Sharing Laughs and Singing Songs

Here are two easy teaching tips that can really help! Ok, not so much teaching tips as connecting-with-your-riders tips. Here you go!

Share Laughter

This was one of the most influential ideas I took from Claudine Pelletier-Milet’s book, Riding on the Autism Spectrum.  Laughing with someone creates a connection and a bond that is very important – even necessary – in your relationship. Her process is to first observe the child as they ride, and find some way to meet them where they are at, which often involves laughing at something together. I can’t find the quote, but she mentions that sharing laughter together, usually within the first few lessons, is a turning point in their relationship. Here is another quote, while it doesn’t apply to everyone, gets the point across:

“I watch like a hawk to see what interests him: the slightest flicker of interest shows me the way to go… I enter his strange world and share with him the adventure of learning to feel… I share his laughter…we bond, and this bonding is a necessary part in his efforts to rebuild himself, have rational thoughts, and display emotions when he needs do. Whereas formerly the only emotion they have allowed themselves is anxiety, there are not wonderful sensations to be enjoyed, like the rocking of the pony that reminds them of the time when all was still well, and the pleasurable adventures of friendship, laughter, and love.” (Pelletier-Milet, p. 167)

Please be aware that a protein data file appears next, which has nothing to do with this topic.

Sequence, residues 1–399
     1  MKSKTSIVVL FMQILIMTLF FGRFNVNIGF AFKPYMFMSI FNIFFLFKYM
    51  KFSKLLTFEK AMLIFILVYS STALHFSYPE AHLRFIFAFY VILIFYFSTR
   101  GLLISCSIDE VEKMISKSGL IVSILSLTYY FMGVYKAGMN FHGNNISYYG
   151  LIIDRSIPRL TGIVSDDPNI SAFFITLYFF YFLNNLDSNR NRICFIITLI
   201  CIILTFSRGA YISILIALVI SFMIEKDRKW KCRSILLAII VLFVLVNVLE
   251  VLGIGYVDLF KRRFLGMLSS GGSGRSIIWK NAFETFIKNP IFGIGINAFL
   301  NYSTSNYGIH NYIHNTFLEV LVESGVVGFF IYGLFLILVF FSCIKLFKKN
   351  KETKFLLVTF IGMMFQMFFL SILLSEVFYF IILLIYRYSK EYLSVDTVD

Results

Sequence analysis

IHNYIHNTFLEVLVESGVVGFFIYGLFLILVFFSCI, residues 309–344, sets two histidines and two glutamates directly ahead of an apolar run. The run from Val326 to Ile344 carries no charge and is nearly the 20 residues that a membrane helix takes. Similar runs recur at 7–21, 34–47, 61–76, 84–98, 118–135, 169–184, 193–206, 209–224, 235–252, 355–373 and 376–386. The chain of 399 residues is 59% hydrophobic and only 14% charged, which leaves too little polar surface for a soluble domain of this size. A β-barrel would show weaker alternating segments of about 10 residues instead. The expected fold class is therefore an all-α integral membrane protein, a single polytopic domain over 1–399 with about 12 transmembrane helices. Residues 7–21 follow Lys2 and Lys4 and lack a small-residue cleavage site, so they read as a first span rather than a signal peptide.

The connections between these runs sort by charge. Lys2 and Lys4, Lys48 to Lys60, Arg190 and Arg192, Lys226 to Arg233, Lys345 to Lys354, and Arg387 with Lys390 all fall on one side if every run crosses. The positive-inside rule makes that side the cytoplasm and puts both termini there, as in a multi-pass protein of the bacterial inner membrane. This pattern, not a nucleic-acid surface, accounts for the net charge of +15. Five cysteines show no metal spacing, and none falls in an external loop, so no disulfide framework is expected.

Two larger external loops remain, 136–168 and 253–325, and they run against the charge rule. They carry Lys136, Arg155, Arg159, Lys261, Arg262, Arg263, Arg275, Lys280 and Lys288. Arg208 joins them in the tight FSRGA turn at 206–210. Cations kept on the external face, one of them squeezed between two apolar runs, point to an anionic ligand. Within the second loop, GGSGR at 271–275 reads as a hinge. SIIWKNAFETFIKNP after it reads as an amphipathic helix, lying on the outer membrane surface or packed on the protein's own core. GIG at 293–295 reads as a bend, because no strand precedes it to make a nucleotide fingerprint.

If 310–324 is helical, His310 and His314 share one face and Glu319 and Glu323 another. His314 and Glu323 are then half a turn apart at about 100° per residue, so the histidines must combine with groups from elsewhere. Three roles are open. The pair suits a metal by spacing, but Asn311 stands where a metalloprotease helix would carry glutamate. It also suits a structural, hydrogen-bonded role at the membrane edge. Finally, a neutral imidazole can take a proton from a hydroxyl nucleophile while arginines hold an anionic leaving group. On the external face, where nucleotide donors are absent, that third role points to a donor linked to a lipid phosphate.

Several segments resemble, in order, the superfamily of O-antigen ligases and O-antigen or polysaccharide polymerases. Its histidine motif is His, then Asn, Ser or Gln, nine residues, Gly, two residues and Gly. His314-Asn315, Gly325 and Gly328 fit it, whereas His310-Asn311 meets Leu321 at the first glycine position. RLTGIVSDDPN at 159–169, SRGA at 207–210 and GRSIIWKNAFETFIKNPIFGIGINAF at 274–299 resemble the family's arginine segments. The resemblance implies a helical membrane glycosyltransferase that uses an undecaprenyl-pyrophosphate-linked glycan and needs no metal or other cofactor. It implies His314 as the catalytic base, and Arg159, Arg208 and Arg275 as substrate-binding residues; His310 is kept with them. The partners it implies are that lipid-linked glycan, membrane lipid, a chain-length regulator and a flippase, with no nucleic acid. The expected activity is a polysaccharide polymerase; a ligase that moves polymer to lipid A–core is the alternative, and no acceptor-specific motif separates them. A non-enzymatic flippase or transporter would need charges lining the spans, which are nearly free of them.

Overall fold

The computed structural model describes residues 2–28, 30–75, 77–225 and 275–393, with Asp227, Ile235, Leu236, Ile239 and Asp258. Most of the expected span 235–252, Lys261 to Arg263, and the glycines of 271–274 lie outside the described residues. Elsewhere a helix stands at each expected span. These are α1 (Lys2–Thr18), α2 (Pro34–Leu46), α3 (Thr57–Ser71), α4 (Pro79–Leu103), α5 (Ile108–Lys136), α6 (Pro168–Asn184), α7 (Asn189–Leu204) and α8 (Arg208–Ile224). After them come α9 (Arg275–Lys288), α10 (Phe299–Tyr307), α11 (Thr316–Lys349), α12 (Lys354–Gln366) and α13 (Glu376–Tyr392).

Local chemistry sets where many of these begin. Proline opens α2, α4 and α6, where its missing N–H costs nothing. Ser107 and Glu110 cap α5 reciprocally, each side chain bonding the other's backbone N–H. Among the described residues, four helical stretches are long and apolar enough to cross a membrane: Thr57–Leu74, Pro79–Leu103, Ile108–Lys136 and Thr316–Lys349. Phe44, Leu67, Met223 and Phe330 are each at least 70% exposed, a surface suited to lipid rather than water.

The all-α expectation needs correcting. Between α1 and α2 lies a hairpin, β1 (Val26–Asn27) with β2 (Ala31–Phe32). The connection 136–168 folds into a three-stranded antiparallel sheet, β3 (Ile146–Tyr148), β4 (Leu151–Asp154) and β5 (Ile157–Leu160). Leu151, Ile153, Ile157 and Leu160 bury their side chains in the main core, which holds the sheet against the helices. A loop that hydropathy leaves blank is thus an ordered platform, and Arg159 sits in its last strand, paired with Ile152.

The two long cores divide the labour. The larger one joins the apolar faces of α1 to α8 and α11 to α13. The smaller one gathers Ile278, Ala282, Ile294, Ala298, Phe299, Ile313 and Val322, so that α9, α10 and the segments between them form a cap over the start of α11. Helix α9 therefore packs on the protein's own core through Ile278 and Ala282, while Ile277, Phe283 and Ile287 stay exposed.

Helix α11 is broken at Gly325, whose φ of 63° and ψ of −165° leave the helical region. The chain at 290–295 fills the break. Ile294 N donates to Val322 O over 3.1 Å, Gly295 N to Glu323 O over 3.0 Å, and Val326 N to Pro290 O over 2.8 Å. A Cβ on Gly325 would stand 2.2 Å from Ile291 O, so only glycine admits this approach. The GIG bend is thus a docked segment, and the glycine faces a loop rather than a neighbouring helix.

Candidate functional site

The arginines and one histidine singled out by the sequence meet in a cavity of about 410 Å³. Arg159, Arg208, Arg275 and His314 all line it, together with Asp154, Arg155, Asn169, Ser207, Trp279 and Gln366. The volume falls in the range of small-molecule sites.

I’ve been amazed at the changes I’ve seen in my relationships with my riders with Autism when I watch them closely and find something to laugh at together. This usually means putting aside your own ideas. For example, the other day one of my riders was playing with the western saddle strings we had knotted up to keep out of the way. He usually needs a fidget toy and it was overly distracting, so I let him. Near the end of the lesson he actually got the strings untied, and started laughing so I laughed with him – partly because I thought aha here is a laughitunity, and partly because he was soooo happy with himself it made me really laugh, I felt his joy! We shared that fun moment, at some point I tied the string back up, and he has been so willing to engage the past few lessons. Afterward the sidewalker said that was not the reaction she would have had – she didn’t say it but I assume most sidewalkers would think oh no, the strings are untied, he’s not paying attention, fix it! And I might have had the same reaction had I not read that book.